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Current time:0:00Total duration:10:32

Video transcript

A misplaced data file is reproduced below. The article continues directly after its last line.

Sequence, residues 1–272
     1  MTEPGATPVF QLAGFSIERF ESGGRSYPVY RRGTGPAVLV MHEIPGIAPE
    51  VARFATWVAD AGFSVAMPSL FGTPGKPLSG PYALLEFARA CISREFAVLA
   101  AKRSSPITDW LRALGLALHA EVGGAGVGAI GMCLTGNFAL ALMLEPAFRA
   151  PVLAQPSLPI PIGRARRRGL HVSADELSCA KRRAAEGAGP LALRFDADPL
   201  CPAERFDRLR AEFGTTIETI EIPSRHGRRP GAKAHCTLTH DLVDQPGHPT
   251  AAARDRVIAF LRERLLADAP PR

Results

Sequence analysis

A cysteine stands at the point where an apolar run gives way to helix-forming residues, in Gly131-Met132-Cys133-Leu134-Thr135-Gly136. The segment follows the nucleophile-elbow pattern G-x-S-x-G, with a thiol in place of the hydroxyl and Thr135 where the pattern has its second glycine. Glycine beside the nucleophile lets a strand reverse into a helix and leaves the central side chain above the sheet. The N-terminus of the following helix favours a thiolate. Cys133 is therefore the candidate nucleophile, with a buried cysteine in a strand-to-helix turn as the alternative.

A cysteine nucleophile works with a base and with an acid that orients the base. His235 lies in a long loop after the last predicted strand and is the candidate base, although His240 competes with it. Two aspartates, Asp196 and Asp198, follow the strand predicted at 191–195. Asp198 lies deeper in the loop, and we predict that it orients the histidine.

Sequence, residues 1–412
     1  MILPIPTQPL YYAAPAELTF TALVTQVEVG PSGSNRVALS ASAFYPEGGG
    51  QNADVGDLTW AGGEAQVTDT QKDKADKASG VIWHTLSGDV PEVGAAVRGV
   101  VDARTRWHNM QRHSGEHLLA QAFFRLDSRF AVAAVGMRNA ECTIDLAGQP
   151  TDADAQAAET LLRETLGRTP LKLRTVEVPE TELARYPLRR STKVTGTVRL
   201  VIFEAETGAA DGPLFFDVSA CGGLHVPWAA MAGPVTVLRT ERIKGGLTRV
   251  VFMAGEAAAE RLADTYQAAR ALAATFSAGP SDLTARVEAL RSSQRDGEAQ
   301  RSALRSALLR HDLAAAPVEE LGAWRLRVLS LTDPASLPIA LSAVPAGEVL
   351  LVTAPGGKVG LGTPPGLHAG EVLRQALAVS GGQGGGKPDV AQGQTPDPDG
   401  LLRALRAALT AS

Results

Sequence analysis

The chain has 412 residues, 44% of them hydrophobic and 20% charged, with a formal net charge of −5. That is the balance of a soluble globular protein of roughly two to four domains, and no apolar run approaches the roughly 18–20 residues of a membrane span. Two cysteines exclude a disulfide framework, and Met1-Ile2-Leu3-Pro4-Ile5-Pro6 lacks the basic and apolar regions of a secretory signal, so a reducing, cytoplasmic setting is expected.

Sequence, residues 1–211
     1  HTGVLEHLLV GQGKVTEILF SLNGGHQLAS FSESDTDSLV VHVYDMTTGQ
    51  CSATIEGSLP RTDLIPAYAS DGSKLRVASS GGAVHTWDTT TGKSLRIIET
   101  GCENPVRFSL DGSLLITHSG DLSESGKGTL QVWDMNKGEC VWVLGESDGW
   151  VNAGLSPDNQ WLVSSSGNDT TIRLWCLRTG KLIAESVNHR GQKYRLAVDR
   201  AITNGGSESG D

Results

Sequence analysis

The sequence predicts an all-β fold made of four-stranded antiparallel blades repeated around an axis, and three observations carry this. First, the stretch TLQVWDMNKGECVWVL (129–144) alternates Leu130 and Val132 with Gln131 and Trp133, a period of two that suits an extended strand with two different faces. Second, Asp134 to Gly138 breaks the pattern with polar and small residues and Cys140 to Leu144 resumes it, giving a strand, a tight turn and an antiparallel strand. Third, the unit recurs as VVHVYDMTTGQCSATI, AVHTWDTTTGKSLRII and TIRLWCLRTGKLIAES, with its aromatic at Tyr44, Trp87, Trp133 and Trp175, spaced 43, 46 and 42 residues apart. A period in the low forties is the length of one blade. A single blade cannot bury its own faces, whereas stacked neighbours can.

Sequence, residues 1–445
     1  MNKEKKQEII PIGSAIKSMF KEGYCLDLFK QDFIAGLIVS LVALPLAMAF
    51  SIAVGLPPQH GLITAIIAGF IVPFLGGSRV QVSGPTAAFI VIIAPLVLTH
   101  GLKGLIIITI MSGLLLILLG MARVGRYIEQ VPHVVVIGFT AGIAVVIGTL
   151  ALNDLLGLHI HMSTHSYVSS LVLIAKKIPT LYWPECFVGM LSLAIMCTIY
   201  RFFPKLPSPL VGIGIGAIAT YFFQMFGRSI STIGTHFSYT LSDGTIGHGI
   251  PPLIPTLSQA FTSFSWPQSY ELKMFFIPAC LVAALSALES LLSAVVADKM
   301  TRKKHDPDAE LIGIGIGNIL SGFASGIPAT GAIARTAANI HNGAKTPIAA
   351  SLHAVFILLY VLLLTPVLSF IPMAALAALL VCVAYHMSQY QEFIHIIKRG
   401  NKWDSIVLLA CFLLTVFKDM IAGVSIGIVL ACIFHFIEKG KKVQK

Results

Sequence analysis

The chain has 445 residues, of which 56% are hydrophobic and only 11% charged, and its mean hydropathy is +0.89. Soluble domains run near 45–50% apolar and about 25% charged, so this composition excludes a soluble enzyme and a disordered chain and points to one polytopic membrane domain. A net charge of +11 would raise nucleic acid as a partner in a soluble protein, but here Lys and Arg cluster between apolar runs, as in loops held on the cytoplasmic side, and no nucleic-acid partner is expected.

so let's talk about the limbic system what is the limbic system well it's a set of structures in the brain and many of those structures play an important role in regulating emotion now something it gets kind of confusing when you talk about the limbic system is that experts can't actually agree on what structures make up the entire limbic system so for our purposes I'm going to address some of the most important structures and ones that everyone pretty much agrees are part of the limbic system now before I get going into the Nitty Gritty so to speak I want to give you a quick overview of what structures we're going to talk about and the way I remember these structures is suitable cartoon here this is a hippopotamus and he's wearing a hat now why is this hippopotamus wearing the stylish hat well this is my way of remembering the four most important components the limbic system when it comes to motion so we see hippopotamus here I'll write hippo and we see them wearing a hat I'll write hat now for this to be a mnemonic it has to be something useful and the reason I think of this is these are the forming structures the limbic system when it comes to emotion so hat stands for hypothalamus a for amygdala tea for thalamus and hippo short for hippocampus and these happen to be the four structures that I'd like to talk about so let's get to a little more complicated diagram and what you see here is my best attempt at drawing the limbic system an olympic system structures sit on top of the brainstem and this is the brainstem and you can imagine this as the very bottom of your brain and here's a spinal cord coming out of it and the spinal cord goes all the way down your back to about your tailbone now the limbic system are these structures up here that are drawn in bright colors now to orient you to diagram this is what you would see if you pulled off like the top part of your brain which is called the cortex and it's facing in this direction in other words while this is an ant homily correct let's say your eyes are here your nose is here and your mouth is here again this is not an tonically correct but this you can see is the front and this is the back so I can do it at an angle so you can kind of get a 3d idea so let's remove this and go back to talking about the anatomical structures so this blue thing here this is called a thalamus and you actually have two of these one here and one on the other side so your thalamus functions as like a sensory relay station meaning the things that you see here taste touch all these senses you have come through your nerves and ultimately end up in your thalamus and the thalamus directs these senses into the appropriate areas in the cortex as well as other areas of the brain and I mentioned this in terms of an emotion lecture because emotions are very contingent on the things that you see the things that you touch and here now you may have noticed there's one sense that I didn't mention and as a sense of smell and the sense of smell actually is the only sense that you have that actually bypasses the stala --mess and instead has his own private relay station that when it comes from the nose it goes to a certain area in the brain and that area that brain actually has to be very close to other areas that regulate emotion which explains why sometimes certain scents can evoke very powerful memories and bring you back to a certain moment in time but in terms of motion I mention that miss because of how the senses play an important role in your emotions now you see here there's these two purple structures this is known as an amygdala amygdala now the amygdala is sometimes called the aggression center and experiments have actually shown that if you stimulate the amygdala you can produce feelings of anger and violence as well as fear and anxiety I'm going to put stimulate and represent it as a dark green plus sign so you stimulate the amygdala invokes feelings of anger violence fear and anxiety on the other hand if you've destroyed your amygdala and I'll represent destruction as a red negative sign you destroy the amygdala it can cause a very mellowing effect I'll write mello in this melamine effect in the context of a destroyed amygdala was actually noted by a psychologist named dr. kluever and a neurosurgeon by the name of dr. Busey and I mentioned kluever and Busey because in medicine there's actually a syndrome known as kluver-bucy syndrome and that's when there's a bilateral destruction of your amygdala and bilateral means both you have bilateral destruction of the amygdalas that can result in certain symptoms that are often seen like hyper orality which means you put things in your mouth a lot also hyper sexuality as well as disinhibited behavior and disinhibited behavior is when you ignore social conventions you can act very impulsive lee you don't consider the risks of your behavior so you do dangerous reckless things so that's kluver-bucy syndrome and that's again when you destroy both sides of your amygdalas and the way I remember this is I think if you stimulate the amygdalas that can cause fear and anxiety and people who have anxiety disorders or experience an anxiety attack sometimes they're given a medication as a benzodiazepine sometimes they're called benzos and these benzodiazepine medications function pharmacologically very similar to alcohol and think of what happens when people consume too much alcohol sometimes you see these types of behaviors you see hyper orality you know you might be eating a lot you might have hypersexuality and of course you get disinhibited behavior think of the person with a lampshade on their head they're ignoring certain social conventions because of the effect of alcohol so that's how I remember the effect of stimulating versus destroying the amygdala and the screen structure here that you see curving around the thalamus is known as the hippocampus and the hippocampus plays a key role in forming new memories what it does is it helps to convert your short-term memory abbreviated as STM it helps convert that short-term memory into your long-term memory I mention that in this conversation because when you think back in your memories whether it's short-term memory or long-term memory these memories can invoke emotions as well so the hippocampus is an important structure in forming long-term memories and people had damage to this area they have difficulty forming new memories so everything that they experienced just basically fades away now what's interesting about this is if your hippocampus is destroyed while you can't form new memories you still have your old memories intact so your long-term memory function is just fine so that's the hippocampus now lastly this orange structure here this orange structure is the hypothalamus and hypo means below so hypothalamus is below the thalamus and here here's a thalamus and it's below it so that's where it gets its name from the hypothalamus is actually a very tiny structure and this diagram here really exaggerated the size of the hypothalamus hypothalamus is so small it actually makes up less than 1% of the total volume of your brain it's about the size of a kidney bean and the hypothalamus plays an incredible role in regulating so many functions in your body but for our purposes we're talking about olympic system structures in terms of emotion so when it comes to emotion the hypothalamus you can think of as regulating the autonomic nervous system abbreviated as ans in the autonomic nervous system you can think of as fight-or-flight versus rest and digest now I'm going to discuss this further in a different video but right now just think of it as regulating the autonomic nervous system it does this by controlling the endocrine system by triggering the release of hormones into your bloodstream and some of these hormones that are triggered to release or things like epinephrine norepinephrine and epinephrine is actually very commonly known as adrenaline so if you ever think of the phrase like a lot of adrenaline pumping through your veins that's actually being regulated by the hypothalamus yeah hypothalamus is also involved with regulating other basic drives like hunger thirst sleep sex but in terms of emotion I think it's most important to note that it regulates the autonomic nervous system that fight-or-flight or rest and digest response so that's the limbic system and these are the four basic structures the thalamus the amygdala the hippocampus and the hypothalamus so these are the basic structures of the limbic system